But, is just smudging ashes on someone's forehead at a Coffee Shop or Commuter Train Station really accomplishing that? I'm not so sure it does. I think it may make us all feel good, but so does a Twinkie, for about 5 minutes, if I'm really hungry. But, I haven't gotten anything of nutritional value. I've only gotten something that fills a hole temporarily. Which leads me to the importance of...

6. Education. Priests have really, really, really relinquished our role as Rabbi. We do not do catechism the way we used to - or need to. I'm not talking rote memory stuff. That's BS. I'm talking having ongoing educational stuff for 'seekers' as well as those who have been in the church so long they don't know what they don't know. You know?

So, if church folk - lay and ordained - were to gather small groups of people in the Coffee Shops, Train Stations and Streets, have a short explanation of what is going on, do a reading, say a prayer, then smudge - Wash, Rinse, Repeat - I think it might be okay.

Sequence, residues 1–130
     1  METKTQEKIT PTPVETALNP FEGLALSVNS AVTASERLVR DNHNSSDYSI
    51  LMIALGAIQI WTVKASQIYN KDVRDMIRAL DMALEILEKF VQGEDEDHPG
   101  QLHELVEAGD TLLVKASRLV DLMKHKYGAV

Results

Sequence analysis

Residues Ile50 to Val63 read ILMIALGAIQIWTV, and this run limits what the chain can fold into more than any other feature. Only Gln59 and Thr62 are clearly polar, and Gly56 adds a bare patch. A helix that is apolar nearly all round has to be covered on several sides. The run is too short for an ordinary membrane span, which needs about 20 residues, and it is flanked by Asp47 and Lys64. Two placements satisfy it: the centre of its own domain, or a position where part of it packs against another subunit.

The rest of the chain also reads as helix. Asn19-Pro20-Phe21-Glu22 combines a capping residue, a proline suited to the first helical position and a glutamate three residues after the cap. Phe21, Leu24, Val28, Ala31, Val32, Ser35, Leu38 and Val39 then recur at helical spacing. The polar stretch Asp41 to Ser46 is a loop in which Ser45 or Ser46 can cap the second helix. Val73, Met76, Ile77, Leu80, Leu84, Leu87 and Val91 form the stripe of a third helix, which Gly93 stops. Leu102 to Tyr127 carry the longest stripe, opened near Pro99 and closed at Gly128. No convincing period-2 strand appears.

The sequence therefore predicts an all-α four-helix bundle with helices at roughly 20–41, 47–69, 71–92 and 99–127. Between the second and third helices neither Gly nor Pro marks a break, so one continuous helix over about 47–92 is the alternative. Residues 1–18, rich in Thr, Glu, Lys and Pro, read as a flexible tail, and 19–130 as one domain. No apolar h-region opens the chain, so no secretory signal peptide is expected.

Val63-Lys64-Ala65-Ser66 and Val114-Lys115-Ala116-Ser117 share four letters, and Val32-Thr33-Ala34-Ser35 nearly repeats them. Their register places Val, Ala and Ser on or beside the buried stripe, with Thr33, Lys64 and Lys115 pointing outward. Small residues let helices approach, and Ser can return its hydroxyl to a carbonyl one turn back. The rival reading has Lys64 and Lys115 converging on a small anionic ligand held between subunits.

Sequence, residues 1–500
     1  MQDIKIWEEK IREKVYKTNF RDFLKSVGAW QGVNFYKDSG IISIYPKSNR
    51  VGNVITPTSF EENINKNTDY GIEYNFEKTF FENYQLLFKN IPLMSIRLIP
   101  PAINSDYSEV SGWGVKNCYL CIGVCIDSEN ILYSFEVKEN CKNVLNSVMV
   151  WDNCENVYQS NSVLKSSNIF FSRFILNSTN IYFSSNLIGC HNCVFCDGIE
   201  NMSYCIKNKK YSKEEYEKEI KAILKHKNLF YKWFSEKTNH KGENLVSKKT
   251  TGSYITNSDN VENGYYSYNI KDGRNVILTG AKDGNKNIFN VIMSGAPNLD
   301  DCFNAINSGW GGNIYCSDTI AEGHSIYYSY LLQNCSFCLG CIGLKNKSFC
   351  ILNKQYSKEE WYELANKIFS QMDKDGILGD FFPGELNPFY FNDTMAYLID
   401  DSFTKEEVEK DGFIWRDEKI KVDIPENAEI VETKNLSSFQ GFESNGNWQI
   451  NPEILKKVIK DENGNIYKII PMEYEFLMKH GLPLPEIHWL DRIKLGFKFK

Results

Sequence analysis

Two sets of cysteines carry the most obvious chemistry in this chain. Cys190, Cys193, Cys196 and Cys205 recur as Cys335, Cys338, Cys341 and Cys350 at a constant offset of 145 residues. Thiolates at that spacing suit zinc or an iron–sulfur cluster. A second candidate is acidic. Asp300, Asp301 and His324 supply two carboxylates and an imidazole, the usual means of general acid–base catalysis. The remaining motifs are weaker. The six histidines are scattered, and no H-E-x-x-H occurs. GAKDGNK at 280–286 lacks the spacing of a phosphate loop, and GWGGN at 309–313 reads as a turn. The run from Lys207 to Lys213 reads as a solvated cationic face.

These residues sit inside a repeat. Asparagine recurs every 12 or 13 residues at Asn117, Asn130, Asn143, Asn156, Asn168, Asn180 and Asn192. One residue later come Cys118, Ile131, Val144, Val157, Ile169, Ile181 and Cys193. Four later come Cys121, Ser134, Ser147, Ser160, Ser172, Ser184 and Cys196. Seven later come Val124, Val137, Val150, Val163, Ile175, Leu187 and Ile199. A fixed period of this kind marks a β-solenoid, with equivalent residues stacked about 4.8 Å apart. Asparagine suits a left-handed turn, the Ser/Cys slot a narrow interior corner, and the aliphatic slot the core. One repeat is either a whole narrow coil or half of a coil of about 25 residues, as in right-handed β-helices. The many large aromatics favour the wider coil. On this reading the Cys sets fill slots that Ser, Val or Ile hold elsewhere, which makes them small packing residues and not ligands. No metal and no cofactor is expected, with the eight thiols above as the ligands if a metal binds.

I know I have done a Very Abbreviated Eucharist or Ash Wednesday Service or Palm Sunday Service in Nursing Homes and at Hospital bedsides, and in College Dorms, and it works well. But, as I read it, anyway, most of these folks are just doing "Ashes to Go". Sounds cool, but what are we really accomplishing?

That's my best shot y'all. Not trying to convince anyone. Just sayin' it - and askin' it - like I sees it.

Elizabeth Kaeton said...

Actually, no, JCF. I don't think it's enough. I think, actually. But, I'm with you and Gamaliel on this one. I'm taking a 'wait-see' attitude.

IT said...

But, is just smudging ashes on someone's forehead at a Coffee Shop or Commuter Train Station really accomplishing that? I'm not so sure it does. I think it may make us all feel good, but so does a Twinkie, for about 5 minutes, if I'm really hungry.

But what if it's smudging a homeless person, who feels unloved and unwelcome in the context of more people, or someone hurt by the Institutional Church, etc etc. I think @Kate's comment above sums it up.